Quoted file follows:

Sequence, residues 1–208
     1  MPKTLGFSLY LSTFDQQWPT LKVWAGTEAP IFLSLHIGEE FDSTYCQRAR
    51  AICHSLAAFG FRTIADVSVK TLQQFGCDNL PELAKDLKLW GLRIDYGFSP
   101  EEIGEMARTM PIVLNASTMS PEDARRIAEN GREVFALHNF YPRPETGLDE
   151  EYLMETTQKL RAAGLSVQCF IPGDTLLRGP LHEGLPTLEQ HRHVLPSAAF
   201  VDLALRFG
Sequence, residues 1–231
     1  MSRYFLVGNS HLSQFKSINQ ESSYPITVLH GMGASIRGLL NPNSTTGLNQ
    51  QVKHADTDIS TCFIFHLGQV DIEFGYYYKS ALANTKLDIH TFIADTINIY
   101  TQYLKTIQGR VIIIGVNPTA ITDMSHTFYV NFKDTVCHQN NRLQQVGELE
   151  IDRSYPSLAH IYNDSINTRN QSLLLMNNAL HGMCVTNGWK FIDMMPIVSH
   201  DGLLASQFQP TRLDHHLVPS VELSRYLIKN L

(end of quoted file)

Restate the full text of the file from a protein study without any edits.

Sequence, residues 1–208
     1  MPKTLGFSLY LSTFDQQWPT LKVWAGTEAP IFLSLHIGEE FDSTYCQRAR
    51  AICHSLAAFG FRTIADVSVK TLQQFGCDNL PELAKDLKLW GLRIDYGFSP
   101  EEIGEMARTM PIVLNASTMS PEDARRIAEN GREVFALHNF YPRPETGLDE
   151  EYLMETTQKL RAAGLSVQCF IPGDTLLRGP LHEGLPTLEQ HRHVLPSAAF
   201  VDLALRFG
Sequence, residues 1–231
     1  MSRYFLVGNS HLSQFKSINQ ESSYPITVLH GMGASIRGLL NPNSTTGLNQ
    51  QVKHADTDIS TCFIFHLGQV DIEFGYYYKS ALANTKLDIH TFIADTINIY
   101  TQYLKTIQGR VIIIGVNPTA ITDMSHTFYV NFKDTVCHQN NRLQQVGELE
   151  IDRSYPSLAH IYNDSINTRN QSLLLMNNAL HGMCVTNGWK FIDMMPIVSH
   201  DGLLASQFQP TRLDHHLVPS VELSRYLIKN L